It can be shown that a cap on a LIBOR from *t* to *T* is equivalent to a multiple of a *t*-expiry put on a *T*-maturity bond. Thus if we have an interest rate model in which we are able to value bond puts, we can value interest rate caps. Similarly a floor is equivalent to a certain bond call. Several popular short-rate models, such as the Hull–White model have this degree of tractability. Thus we can value caps and floors in those models.

Caps based on an underlying rate (like a Constant Maturity Swap Rate) cannot be valued using simple techniques described above. The methodology for valuation of CMS Caps and Floors can be referenced in more advanced papers.

- An important consideration is cap and floor (so called Black) volatilities. Caps consist of caplets with volatilities dependent on the corresponding forward LIBOR rate. But caps can also be represented by a "flat volatility", a single number which if plugged in the formula for valuing each caplet recovers the price of the cap i.e. the net of the caplets still comes out to be the same. To illustrate: (Black Volatilities) → (Flat Volatilities) : (15%,20%,....,12%) → (16.5%,16.5%,....,16.5%)
- Therefore, one cap can be priced at one vol. This is extremely useful for market practitioners as it reduces greatly the dimensionality of the problem: instead of tracking n caplet Black volatilities, you need to track just one: the flat volatility.

- Another important relationship is that if the fixed swap rate is equal to the strike of the caps and floors, then we have the following put–call parity: Cap-Floor = Swap.
- Caps and floors have the same implied vol too for a given strike.
- Imagine a cap with 20% vol and floor with 30% vol. Long cap, short floor gives a swap with no vol. Now, interchange the vols. Cap price goes up, floor price goes down. But the net price of the swap is unchanged. So, if a cap has x vol, floor is forced to have x vol else you have arbitrage.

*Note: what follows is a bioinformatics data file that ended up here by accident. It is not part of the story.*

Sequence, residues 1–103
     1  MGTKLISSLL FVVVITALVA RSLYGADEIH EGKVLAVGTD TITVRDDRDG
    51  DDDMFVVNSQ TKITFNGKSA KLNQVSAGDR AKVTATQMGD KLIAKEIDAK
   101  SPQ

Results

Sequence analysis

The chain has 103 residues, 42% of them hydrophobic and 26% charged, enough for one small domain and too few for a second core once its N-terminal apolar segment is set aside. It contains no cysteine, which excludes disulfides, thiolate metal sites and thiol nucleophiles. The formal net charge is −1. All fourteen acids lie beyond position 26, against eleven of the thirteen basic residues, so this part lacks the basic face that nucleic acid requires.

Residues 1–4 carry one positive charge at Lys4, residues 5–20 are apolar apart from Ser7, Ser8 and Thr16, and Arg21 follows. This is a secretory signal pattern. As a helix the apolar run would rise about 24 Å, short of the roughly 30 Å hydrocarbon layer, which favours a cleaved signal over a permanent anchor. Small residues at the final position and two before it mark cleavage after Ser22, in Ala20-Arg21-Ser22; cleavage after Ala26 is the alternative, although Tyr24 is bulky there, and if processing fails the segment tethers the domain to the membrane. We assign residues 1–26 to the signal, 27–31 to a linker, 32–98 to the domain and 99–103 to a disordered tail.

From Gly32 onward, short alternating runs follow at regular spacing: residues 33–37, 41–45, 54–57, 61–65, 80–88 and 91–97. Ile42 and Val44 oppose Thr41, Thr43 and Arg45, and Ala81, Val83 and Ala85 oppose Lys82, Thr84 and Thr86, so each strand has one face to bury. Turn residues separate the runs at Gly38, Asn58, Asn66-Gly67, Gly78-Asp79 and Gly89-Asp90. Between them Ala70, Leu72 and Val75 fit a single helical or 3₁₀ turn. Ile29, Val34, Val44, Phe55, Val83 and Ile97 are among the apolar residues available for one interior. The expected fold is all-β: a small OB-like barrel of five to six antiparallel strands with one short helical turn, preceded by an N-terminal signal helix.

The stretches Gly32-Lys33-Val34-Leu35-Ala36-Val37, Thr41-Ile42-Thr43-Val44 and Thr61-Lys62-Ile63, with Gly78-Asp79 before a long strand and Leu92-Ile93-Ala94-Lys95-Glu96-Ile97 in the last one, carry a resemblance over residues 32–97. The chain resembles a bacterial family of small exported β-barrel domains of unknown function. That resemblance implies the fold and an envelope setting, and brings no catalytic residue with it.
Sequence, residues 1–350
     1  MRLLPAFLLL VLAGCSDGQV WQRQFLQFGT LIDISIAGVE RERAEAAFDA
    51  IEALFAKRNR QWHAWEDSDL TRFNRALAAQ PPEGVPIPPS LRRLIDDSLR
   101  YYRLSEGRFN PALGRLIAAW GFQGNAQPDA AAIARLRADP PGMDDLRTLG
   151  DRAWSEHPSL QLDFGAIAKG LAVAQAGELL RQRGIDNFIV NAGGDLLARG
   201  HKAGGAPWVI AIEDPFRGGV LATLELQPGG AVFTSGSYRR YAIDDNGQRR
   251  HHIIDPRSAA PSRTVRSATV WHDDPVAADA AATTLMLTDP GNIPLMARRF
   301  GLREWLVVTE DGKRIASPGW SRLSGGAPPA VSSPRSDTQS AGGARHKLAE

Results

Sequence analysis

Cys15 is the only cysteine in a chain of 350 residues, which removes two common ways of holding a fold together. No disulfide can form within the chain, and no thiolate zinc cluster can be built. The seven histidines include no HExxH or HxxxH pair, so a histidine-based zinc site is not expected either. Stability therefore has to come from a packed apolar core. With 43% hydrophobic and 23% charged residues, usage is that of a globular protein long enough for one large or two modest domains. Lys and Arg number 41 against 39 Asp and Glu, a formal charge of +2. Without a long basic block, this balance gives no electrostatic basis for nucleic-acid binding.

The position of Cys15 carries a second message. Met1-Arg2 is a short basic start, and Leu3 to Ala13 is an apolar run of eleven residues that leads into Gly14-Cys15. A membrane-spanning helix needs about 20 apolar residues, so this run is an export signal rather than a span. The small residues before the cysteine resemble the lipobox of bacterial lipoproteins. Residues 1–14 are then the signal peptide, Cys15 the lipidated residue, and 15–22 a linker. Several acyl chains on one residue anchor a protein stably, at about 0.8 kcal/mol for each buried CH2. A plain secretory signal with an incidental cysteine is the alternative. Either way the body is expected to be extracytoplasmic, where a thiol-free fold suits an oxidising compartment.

- Assuming rates can't be negative, a Cap at strike 0% equals the price of a floating leg (just as a call at strike 0 is equivalent to holding a stock) regardless of volatility cap.

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^{a}^{b}^{c}^{d}^{e}^{f}^{g}^{h}Coyle, Brian (2001-01-01).*Interest-rate Options*. Global Professional Publishi. pp. 52–73. ISBN 9780852974421. **^**"Archived copy" (PDF). Archived from the original (PDF) on 2016-02-03. Retrieved 2016-01-30.`{{cite web}}`

: CS1 maint: archived copy as title (link)

- Damiano Brigo, Fabio Mercurio (2001).
*Interest Rate Models - Theory and Practice with Smile, Inflation and Credit*(2nd ed. 2006 ed.). Springer Verlag. ISBN 978-3-540-22149-4. - David F. Babbel (1996).
*Valuation of Interest-Sensitive Financial Instruments: SOA Monograph M-FI96-1*(1st ed.). John Wiley & Sons. ISBN 978-1883249151. - Frank Fabozzi (1998).
*Valuation of fixed income securities and derivatives*(3rd ed.). John Wiley. ISBN 978-1-883249-25-0.

- Basic Fixed Income Derivative Hedging - Article on Financial-edu.com.
- Convexity Conundrums by Patrick Hagan
- Martingales and Measures: Black's Model Dr. Jacqueline Henn-Overbeck, University of Basel
- Bond Options, Caps and the Black Model Dr. Milica Cudina, University of Texas at Austin
- Online Caplet And Floorlet Calculator Dr. Shing Hing Man, Thomson Reuters Risk Management
- Introduction to Caps, Floors, Collars and Swaptions